I am (touch wood) quite well currently and hope to continue that way thanks to modern medicine.
The gap between my hospital stays was not the best of times. On the day after I came out from my first admission Gloria and I had to register her Mum’s death and make the funeral arrangements. It was a very sad time. There were other unpleasant incidents in that intervening period over Easter.
My second admission to hospital was two weeks after the first, and before the funeral. This was for the actual brachtherapy procedure / operation. This time I had a private room in the hospital as with the seed implants I was going to be somewhat radioactive.
Again I went in in the early evening and this time was fed. I had a reasonable night’s sleep despite knowing I was facing another enema, but at least had a private loo.
In the morning I was visited by the anaesthetist and the surgeon and a nurse told me i was second on the list. I was taken down at about nine-thirty. Again I woke up well in the recovery room, was taken back to the ward and fed. I have to say that the hospital food was generally good except that I would not recommend their fish and chips – very soggy.
I had no pain, but of course the waterworks were not working very well, and what I did produce had to be checked in case any stray radioactive seeds had leaked out. I also had to demonstrate that I could at least pee a certain amount, which the staff monitored. I must have passed this test because I was told I could go home that evening if I wanted to. I was not all that confident and felt woozy, so I went for a walk up and down the ward without feeling too faint. Having awarded myself a pass on that test, I said i would go home, and called Gloria to collect me. I think we are all happier in our own beds and we needed each other’s company.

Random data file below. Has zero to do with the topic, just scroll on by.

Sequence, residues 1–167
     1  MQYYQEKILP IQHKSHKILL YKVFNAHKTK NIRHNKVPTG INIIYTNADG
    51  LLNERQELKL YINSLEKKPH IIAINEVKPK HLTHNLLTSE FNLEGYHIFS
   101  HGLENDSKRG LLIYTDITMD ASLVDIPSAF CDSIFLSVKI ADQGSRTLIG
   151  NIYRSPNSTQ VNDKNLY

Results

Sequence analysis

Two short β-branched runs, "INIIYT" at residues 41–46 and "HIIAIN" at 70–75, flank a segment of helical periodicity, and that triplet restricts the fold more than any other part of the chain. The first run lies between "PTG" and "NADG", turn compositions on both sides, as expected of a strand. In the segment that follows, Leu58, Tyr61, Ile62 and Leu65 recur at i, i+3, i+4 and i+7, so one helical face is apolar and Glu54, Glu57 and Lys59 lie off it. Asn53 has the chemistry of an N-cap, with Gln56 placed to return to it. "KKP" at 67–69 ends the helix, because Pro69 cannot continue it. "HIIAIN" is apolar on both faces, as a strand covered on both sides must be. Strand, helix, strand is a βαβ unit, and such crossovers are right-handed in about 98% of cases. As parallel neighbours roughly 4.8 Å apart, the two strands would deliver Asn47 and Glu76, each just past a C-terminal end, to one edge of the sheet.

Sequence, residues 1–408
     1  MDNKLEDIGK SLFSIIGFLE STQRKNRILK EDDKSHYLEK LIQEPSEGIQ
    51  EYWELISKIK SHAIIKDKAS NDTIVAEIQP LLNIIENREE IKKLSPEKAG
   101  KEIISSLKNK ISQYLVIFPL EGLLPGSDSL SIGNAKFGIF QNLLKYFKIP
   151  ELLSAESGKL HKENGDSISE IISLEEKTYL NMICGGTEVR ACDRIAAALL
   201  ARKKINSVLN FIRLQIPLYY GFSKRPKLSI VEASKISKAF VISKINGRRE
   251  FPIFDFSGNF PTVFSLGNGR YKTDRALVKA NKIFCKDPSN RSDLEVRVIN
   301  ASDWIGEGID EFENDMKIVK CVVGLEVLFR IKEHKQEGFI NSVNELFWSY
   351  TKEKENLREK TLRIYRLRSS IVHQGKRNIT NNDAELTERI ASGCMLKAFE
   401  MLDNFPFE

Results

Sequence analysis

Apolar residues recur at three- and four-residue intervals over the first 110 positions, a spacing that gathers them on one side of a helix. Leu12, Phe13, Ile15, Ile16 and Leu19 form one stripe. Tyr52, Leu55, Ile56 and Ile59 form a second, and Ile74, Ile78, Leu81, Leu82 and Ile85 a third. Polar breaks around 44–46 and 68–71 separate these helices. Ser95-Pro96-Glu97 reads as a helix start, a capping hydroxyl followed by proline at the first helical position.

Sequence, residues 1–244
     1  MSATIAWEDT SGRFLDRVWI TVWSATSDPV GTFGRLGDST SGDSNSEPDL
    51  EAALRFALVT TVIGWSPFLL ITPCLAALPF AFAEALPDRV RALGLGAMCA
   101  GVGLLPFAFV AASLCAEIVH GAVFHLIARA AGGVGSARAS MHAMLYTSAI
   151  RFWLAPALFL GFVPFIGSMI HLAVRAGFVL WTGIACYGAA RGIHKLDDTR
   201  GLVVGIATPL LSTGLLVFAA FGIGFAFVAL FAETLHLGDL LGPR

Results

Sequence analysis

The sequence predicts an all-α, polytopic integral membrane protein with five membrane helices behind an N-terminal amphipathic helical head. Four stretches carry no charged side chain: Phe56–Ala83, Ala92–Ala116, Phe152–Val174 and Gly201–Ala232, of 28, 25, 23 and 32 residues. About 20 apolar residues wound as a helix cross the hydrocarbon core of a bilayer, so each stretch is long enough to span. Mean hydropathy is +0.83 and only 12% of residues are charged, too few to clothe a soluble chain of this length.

Just before I went, I had a word with a fellow patient, Ian, who had been with me having the same thing done on both stays. He had decided not to go home, but then he had been much further down the list, was back from theatre rather later and had less recovery time.
I had not very much pain from having all those needles stuck in my underneath, but I was very swollen so left with a large supply of anti-inflammatories to reduce the swelling. I also had proton-pump inhibitor tablets to counter the adverse effect anti-inflammatories have on one’s stomach.